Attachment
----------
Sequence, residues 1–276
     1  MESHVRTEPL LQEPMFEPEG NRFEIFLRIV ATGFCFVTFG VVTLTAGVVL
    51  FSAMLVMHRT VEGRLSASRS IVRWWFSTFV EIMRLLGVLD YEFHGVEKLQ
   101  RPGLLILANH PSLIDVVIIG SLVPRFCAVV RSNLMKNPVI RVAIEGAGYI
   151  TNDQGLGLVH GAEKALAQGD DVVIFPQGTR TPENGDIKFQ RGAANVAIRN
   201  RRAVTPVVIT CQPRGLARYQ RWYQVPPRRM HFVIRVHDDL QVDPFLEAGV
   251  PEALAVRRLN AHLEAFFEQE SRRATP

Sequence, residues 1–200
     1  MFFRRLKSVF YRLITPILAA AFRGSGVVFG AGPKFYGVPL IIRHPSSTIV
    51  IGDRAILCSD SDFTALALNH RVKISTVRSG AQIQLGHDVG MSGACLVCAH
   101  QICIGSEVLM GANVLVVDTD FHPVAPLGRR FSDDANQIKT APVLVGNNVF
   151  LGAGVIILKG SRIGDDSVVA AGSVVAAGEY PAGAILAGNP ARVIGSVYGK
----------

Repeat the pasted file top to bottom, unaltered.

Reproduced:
Sequence, residues 1–276
     1  MESHVRTEPL LQEPMFEPEG NRFEIFLRIV ATGFCFVTFG VVTLTAGVVL
    51  FSAMLVMHRT VEGRLSASRS IVRWWFSTFV EIMRLLGVLD YEFHGVEKLQ
   101  RPGLLILANH PSLIDVVIIG SLVPRFCAVV RSNLMKNPVI RVAIEGAGYI
   151  TNDQGLGLVH GAEKALAQGD DVVIFPQGTR TPENGDIKFQ RGAANVAIRN
   201  RRAVTPVVIT CQPRGLARYQ RWYQVPPRRM HFVIRVHDDL QVDPFLEAGV
   251  PEALAVRRLN AHLEAFFEQE SRRATP

Sequence, residues 1–200
     1  MFFRRLKSVF YRLITPILAA AFRGSGVVFG AGPKFYGVPL IIRHPSSTIV
    51  IGDRAILCSD SDFTALALNH RVKISTVRSG AQIQLGHDVG MSGACLVCAH
   101  QICIGSEVLM GANVLVVDTD FHPVAPLGRR FSDDANQIKT APVLVGNNVF
   151  LGAGVIILKG SRIGDDSVVA AGSVVAAGEY PAGAILAGNP ARVIGSVYGK